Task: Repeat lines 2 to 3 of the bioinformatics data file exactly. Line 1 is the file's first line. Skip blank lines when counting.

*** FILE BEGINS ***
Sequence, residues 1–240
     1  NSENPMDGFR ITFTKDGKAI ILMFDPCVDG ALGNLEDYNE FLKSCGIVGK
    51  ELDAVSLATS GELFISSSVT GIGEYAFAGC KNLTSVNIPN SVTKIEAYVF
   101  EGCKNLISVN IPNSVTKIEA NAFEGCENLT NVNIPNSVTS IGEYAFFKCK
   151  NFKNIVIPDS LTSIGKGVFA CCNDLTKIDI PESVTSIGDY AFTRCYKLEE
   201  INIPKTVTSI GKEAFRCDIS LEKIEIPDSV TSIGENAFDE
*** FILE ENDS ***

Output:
     1  NSENPMDGFR ITFTKDGKAI ILMFDPCVDG ALGNLEDYNE FLKSCGIVGK
    51  ELDAVSLATS GELFISSSVT GIGEYAFAGC KNLTSVNIPN SVTKIEAYVF